In the days after Clayton Kershaw pitched with the lowest average fastball velocity in his career, the Los Angeles Dodgers decided to push his next start back.
Manager Dave Roberts initially indicated that would come in the series opener against the Seattle Mariners, but Kershaw instead is starting on Saturday.
“I thought originally it was going to be Friday, but talking through it with our pitching guys, Saturday made more sense,” Roberts explained.
The decision to skip Kershaw in the rotation — he was due to face the San Diego Padres on one day of extra rest Monday night — is now going to result in going 10 days between outings.
“He’s going to throw a heavy bullpen [Tuesday], which will get him online for Saturday,” Roberts said. “He feels good. Every day he feels better after his last start. Like I said the other day, just getting him that Saturday start kind of sets things up in the forthcoming weeks. He’s in a good spot. He really is.”
Roberts previously revealed Kershaw’s left shoulder would not get back to 100% health this season, but continued to maintain the long layoff is not injury-related.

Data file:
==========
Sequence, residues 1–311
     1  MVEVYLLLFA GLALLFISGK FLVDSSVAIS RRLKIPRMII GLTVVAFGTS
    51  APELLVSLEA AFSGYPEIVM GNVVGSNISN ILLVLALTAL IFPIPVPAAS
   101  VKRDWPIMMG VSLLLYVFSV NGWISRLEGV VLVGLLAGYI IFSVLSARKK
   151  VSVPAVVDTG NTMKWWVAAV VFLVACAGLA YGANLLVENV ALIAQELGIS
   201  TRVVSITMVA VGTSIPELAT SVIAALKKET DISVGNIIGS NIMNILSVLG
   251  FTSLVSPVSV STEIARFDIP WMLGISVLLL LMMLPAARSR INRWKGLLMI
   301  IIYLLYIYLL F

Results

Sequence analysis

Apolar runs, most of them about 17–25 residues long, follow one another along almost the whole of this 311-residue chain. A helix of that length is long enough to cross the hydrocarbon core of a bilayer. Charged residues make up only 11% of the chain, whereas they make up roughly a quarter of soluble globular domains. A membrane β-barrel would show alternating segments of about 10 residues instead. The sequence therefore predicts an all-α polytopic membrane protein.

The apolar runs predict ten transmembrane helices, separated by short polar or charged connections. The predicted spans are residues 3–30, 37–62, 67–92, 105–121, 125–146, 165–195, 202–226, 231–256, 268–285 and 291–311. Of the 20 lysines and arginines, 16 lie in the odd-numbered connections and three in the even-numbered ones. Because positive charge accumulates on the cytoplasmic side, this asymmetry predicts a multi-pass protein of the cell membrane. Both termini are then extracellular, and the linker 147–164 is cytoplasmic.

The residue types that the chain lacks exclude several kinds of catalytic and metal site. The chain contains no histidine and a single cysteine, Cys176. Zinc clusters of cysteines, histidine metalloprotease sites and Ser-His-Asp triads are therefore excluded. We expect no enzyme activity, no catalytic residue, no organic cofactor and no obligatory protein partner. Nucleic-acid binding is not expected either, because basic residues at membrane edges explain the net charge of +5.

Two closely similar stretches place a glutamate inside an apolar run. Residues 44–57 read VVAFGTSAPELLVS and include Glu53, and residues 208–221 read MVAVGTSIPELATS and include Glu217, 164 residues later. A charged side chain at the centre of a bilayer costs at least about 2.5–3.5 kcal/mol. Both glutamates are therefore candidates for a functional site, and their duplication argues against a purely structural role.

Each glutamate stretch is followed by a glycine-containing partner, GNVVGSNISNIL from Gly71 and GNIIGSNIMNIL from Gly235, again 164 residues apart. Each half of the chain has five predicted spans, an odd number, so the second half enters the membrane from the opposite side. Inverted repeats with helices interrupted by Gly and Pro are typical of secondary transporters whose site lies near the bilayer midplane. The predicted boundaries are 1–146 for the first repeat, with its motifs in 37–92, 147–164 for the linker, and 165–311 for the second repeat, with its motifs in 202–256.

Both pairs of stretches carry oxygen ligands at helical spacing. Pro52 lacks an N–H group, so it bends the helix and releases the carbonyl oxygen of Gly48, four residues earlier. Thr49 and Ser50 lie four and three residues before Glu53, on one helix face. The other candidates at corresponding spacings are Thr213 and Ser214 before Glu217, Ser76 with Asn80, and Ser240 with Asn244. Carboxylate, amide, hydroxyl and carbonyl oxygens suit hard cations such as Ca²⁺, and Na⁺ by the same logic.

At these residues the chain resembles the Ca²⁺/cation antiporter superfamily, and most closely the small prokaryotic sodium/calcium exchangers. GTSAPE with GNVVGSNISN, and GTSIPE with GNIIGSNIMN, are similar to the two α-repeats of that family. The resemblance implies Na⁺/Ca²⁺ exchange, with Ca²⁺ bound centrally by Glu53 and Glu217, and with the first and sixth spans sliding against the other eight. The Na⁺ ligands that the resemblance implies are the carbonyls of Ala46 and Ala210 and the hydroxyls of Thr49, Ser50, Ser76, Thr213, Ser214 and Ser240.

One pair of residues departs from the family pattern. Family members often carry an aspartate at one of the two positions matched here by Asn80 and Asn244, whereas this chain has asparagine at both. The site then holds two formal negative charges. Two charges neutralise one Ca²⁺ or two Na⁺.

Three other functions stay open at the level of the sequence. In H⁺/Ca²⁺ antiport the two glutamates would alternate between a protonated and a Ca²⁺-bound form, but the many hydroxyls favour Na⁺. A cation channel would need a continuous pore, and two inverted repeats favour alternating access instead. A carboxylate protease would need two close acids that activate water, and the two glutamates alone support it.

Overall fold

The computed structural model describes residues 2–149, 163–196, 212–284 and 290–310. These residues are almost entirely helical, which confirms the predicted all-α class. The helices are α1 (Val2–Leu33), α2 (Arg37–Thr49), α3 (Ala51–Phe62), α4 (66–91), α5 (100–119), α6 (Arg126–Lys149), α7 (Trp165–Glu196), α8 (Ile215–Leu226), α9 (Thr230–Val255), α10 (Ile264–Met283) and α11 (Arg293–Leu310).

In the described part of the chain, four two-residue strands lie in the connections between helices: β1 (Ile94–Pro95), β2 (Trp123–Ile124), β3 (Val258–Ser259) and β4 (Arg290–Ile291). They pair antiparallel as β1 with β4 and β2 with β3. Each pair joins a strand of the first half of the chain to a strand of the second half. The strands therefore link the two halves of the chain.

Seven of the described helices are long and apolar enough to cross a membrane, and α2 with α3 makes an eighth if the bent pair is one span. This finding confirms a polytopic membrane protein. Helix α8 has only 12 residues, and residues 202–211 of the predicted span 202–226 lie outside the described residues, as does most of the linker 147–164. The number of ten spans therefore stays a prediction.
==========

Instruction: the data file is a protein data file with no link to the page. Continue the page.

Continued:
“I don’t think rest at this point would be harmful, in talking to the training staff and also give him the best chance to make a full start and going forward lining him up,” Roberts reiterated.
Kershaw and the Dodgers collectively have been vague since he was put on the 15-day injured list in July because of left shoulder inflammation. He was expected to make a quick return but wound up being delayed after Dr. Neal ElAttrache recommended more rest following an MRI.
Kershaw declined to reveal the specifics of his MRI and after laboring through last week’s start against the Miami Marlins, said the seemingly-ailing shoulder was not to blame.
Can Clayton Kershaw get fastball velocity back?
The prolonged stretch between start is allowing Kershaw to work on mechanics, which Roberts believes will play a part in fastball velocity picking back up.
“I think a lot of it is mechanics, delivery, overall how the body feels. Obviously with pitching, it’s so finite in the movements and when something is off, there’s compensation with the body,” Roberts said.
“Which ultimately changes some of the mechanics. I just talked to him earlier today, and he says he feels really good. The arm is working well, so for me, I feel even better today about Clayton than I did yesterday. And better than I did two days ago.
“The hope is on [Tuesday] his ‘pen will be better than it was the other day and I expect him to make a full start come Saturday. … I’m very confident. I think with anything, it just increases margin.
“He was fine in Miami without the velo, but I still believe with the rest and kind of cleaning up some things with the delivery, the velo and characteristics of all of his pitches will be back inline with normal.”
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